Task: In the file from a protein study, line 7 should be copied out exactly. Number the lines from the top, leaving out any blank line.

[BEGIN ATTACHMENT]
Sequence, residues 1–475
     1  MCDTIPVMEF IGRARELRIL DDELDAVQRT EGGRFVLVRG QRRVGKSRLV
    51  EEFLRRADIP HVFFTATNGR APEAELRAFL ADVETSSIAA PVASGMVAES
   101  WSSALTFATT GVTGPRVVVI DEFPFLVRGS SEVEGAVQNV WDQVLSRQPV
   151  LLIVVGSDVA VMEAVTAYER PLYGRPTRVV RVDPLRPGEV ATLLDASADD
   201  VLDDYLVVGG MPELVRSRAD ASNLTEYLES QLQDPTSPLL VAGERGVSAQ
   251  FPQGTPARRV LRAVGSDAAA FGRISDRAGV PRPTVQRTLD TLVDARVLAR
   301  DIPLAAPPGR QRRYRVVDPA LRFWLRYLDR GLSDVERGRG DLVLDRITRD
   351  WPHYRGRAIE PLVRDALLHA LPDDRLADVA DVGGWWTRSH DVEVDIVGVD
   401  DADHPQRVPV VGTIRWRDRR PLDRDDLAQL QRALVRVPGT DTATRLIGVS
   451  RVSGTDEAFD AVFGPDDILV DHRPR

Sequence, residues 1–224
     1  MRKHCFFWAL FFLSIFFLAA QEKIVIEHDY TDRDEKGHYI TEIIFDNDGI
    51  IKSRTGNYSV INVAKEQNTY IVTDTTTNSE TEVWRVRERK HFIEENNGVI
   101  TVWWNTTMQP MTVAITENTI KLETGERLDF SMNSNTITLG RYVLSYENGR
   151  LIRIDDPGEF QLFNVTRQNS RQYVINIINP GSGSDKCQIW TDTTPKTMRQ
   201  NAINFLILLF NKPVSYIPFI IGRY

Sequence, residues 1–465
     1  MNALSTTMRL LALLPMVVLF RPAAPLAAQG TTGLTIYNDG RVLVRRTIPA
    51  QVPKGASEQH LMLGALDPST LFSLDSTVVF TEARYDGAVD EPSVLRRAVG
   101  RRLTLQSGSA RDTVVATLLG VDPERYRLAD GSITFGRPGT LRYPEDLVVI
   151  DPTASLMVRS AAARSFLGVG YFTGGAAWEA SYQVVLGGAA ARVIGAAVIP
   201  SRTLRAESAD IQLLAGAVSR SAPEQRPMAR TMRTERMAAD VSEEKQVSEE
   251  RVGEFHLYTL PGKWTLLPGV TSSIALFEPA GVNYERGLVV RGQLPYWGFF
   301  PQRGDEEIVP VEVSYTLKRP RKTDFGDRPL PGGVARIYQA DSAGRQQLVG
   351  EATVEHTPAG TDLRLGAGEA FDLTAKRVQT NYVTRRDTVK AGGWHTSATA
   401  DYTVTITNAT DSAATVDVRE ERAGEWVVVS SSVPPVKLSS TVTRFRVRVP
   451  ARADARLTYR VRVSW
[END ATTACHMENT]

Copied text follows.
   251  FPQGTPARRV LRAVGSDAAA FGRISDRAGV PRPTVQRTLD TLVDARVLAR